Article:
This strand looks at the discursive construction and renegotiation of gender in contemporary European public spheres. The focus is on ‘abstract’ public spheres (constructed by media and other forms of articulation of gender-related practices) as well as public (e.g. urban) spaces that nest re/constructions of gender in material practices. The strand covers such topics as (i) feminist and critical art within public spaces (e.g. anti-monuments in local/national politics of memory), (ii) politics and imaginaries of gender-specific love- and care-related practices (esp. in media and politics) or (iii) comparative research on normative discourses on gender contract (e.g. parenthood roles) in the public-sphere. Three central dimensions cut across all of the foci. First, the research focuses on discourse as a form of articulation, communication and re/negotiation of visions/conceptions and imaginaries of gender. Secondly, it takes into consideration socio-political as well as politico-economic ontology of the studied processes and looks at how these dimensions are central in driving dynamics of gender-related perceptions of social class, parenthood, critical art, and political activity. Finally, the research considers political implications of the studied practices and looks at their both public/ private and policy dimensions.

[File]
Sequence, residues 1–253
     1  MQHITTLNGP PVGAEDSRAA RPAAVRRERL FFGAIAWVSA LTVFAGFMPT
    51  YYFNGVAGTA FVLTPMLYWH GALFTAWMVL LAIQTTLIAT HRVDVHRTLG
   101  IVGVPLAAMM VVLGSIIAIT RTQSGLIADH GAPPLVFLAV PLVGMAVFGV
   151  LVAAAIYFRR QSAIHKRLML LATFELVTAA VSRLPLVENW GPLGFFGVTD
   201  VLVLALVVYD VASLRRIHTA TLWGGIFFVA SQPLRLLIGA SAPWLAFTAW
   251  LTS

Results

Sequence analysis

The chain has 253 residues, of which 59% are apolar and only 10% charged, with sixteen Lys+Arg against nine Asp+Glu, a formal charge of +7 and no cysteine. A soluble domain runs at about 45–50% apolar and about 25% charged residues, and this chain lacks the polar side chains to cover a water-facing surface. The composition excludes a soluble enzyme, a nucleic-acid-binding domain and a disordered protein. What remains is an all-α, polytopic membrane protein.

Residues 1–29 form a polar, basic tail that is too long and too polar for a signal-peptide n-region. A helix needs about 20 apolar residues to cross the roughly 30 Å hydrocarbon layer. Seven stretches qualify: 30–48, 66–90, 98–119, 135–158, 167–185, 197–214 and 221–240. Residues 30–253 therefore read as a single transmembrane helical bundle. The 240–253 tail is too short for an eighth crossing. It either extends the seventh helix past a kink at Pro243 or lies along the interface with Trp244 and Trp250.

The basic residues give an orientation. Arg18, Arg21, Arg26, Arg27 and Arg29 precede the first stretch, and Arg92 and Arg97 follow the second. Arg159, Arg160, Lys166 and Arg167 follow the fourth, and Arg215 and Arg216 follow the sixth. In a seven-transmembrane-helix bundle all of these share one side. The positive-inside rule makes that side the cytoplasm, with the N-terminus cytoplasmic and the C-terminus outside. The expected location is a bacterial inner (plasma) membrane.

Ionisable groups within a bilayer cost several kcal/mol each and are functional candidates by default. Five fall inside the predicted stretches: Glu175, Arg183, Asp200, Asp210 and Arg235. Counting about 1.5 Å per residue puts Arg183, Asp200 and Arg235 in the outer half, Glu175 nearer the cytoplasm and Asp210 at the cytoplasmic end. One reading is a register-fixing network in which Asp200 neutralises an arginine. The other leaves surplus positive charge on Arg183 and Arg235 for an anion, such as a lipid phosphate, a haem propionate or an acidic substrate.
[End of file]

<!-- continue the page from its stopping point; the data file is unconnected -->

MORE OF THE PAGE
Commodification of Motherhood: A Feminist Social research Perspective (Postdoctoral Project, Center for Feminist Social Research, Örebro University)
Discursive construction of motherhood within Polish public sphere after 1989 (National Canter for Science)
Public Communication in Poland. Inter- and multidisciplinary approach (National Program of Development for the Humanities)
Research and Study Program “The Narrative Study of Lives” (Postdoctoral Project, Department: Sociology, University of the Free State)
Key researchers:Natalia Krzyzanowska (Örebro University, Sweden), Ewa Glapka (University of the Free State Bloemfontein, South Africa)
This strand also relates to GEXcel research field, Love Studies and Feminism